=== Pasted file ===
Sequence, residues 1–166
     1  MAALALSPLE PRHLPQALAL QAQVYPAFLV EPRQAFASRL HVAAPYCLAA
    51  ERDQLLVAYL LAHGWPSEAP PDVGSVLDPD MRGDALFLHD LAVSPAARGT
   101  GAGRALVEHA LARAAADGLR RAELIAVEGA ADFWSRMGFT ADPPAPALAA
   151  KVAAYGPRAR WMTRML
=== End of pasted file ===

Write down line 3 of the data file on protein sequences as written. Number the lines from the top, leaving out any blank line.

    51  ERDQLLVAYL LAHGWPSEAP PDVGSVLDPD MRGDALFLHD LAVSPAARGT